National Library Week – Day 4

This Reading Life: Raymond Deane

For each of the seven days of National Library Week 2015 the River-side blog will host responses from a group of seven contributors who were asked to nominate seven ‘formative’ books. The project is curated by Fergal Gaynor. Today’s contributor is composer Raymond Deane.

 

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  1. Fritz Halbach: Schnuppeldiwupp (Verlag Perthes, Gotha 1922)

The first book that has stuck in my visual memory is Schnuppeldiwupp, a German children’s book from which my father occasionally read to my sister and myself at bedtime. This is what I wrote in my memoir, In My Own Light:

‘Another tale, German this time, was delightfully entitled Schnuppeldiwupp, by one Fritz Halbach. Its full title is Schnuppeldiwup: Eine Geschichte für Kinderherzen. “A story for childish hearts” sounds very appealing, yet I can remember nothing about it. Perhaps this lack of distinguishing features explains why neither book nor author has stood the test of time – or perhaps it is the Kinderherzen that have vanished.’

 

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  1. Charles Dickens: David Copperfield (1850)

Sometimes a small chest of books would arrive in our Achill Island home, delivered (if I remember correctly) by Castlebar Public Library, some forty miles away. Can this have been common practice at the time (early 1960s)? Its contents would have been carefully vetted by my mother, her eyes forever peeled for literary occasions of sin. From this treasure trove I was allowed to extract Charles Dickens’s David Copperfield, a hardback edition that I’ve never seen subsequently, and of which I’ve been unable to find an online image (perhaps the brown cover was supplied by the library?). I was completely enthralled by the book, but particularly by one brief passage: the runaway David’s encounter with ‘a dreadful old man to look at, in a filthy flannel waistcoat, and smelling terribly of rum’ who greets him, ‘in a fierce, monotonous whine’, with the memorable words ‘’Oh, my eyes and limbs, what do you want? Oh, my lungs and liver, what do you want? Oh, goroo, goroo!’’ If it’s characteristic of a child to fasten on to details that are marginal within the overall framework of a book, then perhaps my reading habits have retained a certain childishness.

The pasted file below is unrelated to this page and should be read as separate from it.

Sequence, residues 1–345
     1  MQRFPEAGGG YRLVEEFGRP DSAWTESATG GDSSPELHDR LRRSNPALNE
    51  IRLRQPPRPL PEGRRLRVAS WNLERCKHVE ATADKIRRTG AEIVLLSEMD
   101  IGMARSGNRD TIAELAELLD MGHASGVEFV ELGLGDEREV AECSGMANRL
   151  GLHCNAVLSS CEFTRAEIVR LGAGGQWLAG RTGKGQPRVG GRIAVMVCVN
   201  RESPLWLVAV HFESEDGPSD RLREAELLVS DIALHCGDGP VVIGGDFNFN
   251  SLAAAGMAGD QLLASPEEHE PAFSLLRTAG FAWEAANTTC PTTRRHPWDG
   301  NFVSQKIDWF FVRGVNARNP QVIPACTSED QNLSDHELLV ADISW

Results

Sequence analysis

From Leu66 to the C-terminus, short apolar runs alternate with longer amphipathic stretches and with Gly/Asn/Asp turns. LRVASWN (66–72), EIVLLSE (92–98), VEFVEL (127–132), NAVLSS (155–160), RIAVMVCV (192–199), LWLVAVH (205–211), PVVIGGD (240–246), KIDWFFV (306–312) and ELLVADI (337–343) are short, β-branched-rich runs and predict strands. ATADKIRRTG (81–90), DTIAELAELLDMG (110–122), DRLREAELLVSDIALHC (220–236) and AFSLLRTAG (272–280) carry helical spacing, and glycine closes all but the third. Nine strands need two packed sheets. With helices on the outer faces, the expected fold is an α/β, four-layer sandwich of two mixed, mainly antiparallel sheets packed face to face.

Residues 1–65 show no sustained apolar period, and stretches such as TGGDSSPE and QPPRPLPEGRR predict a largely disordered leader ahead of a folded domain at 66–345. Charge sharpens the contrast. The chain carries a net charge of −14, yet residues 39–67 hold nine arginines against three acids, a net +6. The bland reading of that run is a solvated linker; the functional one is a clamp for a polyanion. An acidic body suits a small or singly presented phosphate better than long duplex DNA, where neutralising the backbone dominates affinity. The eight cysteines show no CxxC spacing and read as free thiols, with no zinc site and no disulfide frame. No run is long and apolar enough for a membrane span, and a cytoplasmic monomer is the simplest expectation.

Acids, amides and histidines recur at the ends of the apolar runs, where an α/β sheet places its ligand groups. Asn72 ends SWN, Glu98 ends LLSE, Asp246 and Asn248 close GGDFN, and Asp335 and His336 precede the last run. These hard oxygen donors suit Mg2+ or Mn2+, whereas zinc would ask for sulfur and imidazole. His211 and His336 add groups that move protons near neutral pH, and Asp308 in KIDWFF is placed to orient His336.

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  1. P. G. Wodehouse: Stiff Upper Lip, Jeeves (Simon and Schuster, 1963)

Later, in Belvedere (a Jesuit school I attended in Dublin between 1964-7), I borrowed every available P. G. Wodehouse novel from the college library, a musty room that seemed to have retained the odours of generations of schoolboys. In my memory these books have blended into one inchoate but sparkling meta-book, full of ditzy aunts, cheery pigs, stammering fops, and improbable intrigues.

The very English nature of these last two choices should be noted, something that may not have delighted my theoretically Anglophobic parents, although my mother was addicted to Shakespeare, the romantic poets and Agatha Christie. Worse still would have been my enthusiasm for W. E. Johns’s novels about the gallant RAF pilot James Bigglesworth, known as Biggles, had it not been so tepid and short-lived. The fact that such things were to be found in Belvedere’s library was not unlinked to that school’s dedication to such imperial sports as cricket and rugby.

 

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  1. The New Musical Companion (Gollancz, 1964 [22nd ed.])

Also very English was the New Musical Companion edited by A. L. Bacharach, presented to me in 1965 by the music-loving Fr. Murphy, Prefect of Studies of Belvedere Junior School, in honour of my year spent as school organist. The views put forward by the contributors to this compendium – Bacharach himself, Edward J. Dent, Eric Blom, etc., – were stolid in the extreme. Sibelius and Nielsen were supreme, but such British symphonists as Arnold Bax and Edmund Rubbra weren’t far behind them; the ‘twelve-note school’ was mentioned in passing and the likes of Messiaen and Boulez merited the merest sniff or two.